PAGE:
Erika Petrelli
Erika Petrelli

My 20-month old son has formally entered the phase commonly known as the “terrible twos.” He has discovered a desire for independence and is starting to find the vocabulary to vocalize it. Some of his favorite current phrases are: “I do it!” and “I turn!” and “I hold it!” and “No, stop!” He’s also found the three letter word most beloved by children across the ages:  W-H-Y. For him, it comes out like “WuuEEYYEE?!?!” after each time he’s told no… No, you can’t climb on that table; No, you can’t go near the fireplace; No, you can’t poor all the cereal on the floor.

One of the things he has become very clear about is that he’d much prefer to do it himself, thank you very much, no matter what “it” is. This is where the “I do it!” replays itself over and over throughout the day. When asked if he needs help, he’s also been known to reply “I help!” He just wants to figure things out on his own, without help or guidance, even when the task is totally beyond his scope or ability.

It is fascinating to watch, and interesting to think about how often we do this even as adults. That stubborn determination to “do it” without help can be a great way to learn new skills and stretch ourselves to new heights, but it can also block us from receiving much needed guidance and perspective. Sometimes “help” is the best thing that could happen to us – it’s just really, really hard to ask for.

I remember a story from one of my colleagues where she was at a family function and, as happens, the kids were all playing in one part of the house and the adults were mingling in and around the kitchen. The adults noticed one of the kids run into the kitchen, turn on the sink faucet, scoop as much water into his hands as would fit, and then run back to where the other kids were. They watched him repeat this several times before someone finally asked what he was doing.  His response, simply, was “The fire is almost out!”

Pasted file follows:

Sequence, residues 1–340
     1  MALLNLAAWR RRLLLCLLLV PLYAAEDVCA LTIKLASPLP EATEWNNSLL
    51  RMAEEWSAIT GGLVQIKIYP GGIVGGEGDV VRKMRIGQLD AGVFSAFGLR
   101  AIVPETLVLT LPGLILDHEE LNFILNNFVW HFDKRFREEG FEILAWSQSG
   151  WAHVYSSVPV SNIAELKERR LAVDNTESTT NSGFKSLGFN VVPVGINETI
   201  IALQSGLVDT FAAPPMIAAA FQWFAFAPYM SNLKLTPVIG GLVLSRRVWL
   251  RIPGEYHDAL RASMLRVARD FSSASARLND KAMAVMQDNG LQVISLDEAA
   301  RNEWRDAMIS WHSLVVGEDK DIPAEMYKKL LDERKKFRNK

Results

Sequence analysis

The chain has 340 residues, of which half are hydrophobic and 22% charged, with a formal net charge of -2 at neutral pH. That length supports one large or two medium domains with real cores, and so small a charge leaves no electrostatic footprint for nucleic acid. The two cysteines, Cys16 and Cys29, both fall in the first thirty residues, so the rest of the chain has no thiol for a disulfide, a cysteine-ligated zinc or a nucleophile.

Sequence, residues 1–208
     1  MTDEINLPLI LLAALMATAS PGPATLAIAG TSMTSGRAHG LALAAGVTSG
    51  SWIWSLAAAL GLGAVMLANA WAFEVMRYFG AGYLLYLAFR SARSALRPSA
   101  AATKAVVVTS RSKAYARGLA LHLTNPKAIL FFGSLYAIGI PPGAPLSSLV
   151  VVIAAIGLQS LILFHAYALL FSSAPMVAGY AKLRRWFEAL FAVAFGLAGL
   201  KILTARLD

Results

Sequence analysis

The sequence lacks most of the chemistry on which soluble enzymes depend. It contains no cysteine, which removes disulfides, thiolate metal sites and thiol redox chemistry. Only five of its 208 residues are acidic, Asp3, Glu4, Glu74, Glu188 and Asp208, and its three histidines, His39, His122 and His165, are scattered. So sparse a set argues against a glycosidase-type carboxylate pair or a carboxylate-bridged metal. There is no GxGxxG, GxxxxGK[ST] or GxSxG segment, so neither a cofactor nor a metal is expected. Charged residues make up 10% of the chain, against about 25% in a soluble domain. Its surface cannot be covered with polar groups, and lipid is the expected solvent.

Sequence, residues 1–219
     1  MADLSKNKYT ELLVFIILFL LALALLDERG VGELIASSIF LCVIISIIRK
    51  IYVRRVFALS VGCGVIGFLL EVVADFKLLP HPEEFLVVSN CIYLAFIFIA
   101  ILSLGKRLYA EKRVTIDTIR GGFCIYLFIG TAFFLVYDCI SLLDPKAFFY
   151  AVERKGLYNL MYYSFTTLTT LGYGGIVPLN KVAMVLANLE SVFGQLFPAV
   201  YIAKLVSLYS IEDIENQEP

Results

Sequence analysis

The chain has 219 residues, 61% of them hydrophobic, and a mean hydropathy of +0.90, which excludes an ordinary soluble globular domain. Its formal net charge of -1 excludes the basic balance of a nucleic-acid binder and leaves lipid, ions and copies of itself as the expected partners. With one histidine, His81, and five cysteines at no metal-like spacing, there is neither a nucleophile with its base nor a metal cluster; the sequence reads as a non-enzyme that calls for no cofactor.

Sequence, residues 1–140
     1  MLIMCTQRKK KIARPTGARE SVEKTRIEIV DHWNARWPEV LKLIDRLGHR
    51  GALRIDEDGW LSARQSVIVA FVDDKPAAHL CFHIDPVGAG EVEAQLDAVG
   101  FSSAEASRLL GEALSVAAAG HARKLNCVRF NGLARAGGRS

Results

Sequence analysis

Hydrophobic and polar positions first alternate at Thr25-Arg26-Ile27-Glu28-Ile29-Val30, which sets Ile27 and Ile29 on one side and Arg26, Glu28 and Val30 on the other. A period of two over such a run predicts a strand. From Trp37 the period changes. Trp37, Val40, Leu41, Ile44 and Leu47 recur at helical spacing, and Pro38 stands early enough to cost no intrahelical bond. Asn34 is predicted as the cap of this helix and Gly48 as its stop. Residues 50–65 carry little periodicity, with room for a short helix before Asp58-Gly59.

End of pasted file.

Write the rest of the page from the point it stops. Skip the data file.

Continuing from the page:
The fire is almost out.

I know that, for me, asking for help can feel vulnerable – perhaps a sign of failure, perhaps an admittance that I can’t do it all or that I can’t do it well – and that can be all too humbling. I’d like to believe that I can conquer any fire. However, when I think about the other side of the equation – when I’m asked to help someone –far from judging what I know that person perceives to be their weakness or failure, I am simply grateful for the opportunity to lend them my love and support. Now-- I just need to remember that when it’s my turn to ask.

Like the quote goes, "The spaces between your fingers were created so that another's could fill them in." (unknown)

Where can you ask for help?


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Erika Petrelli

By Erika Petrelli

Erika Petrelli is the Senior Vice President of Leadership Development (and self-declared Minister of Mischief) for The Leadership Program, a New York City-based organization. With a Masters degree in Secondary Education, Erika has been in the field of teaching and training for decades, and has been with The Leadership Program since 1999. There she has the opportunity to nurture the individual leadership spirit in both students and adults across the country, through training, coaching, keynotes, and writing. The legacy Erika strives daily to create is to be the runway upon which others take flight. If you enjoy these blogs, you should check out her interactive journal, On Wings & Whimsy: Finding the Extraordinary Within the Ordinary, now available for sale on Amazon. While her work takes her all around the country, Erika calls Indiana home.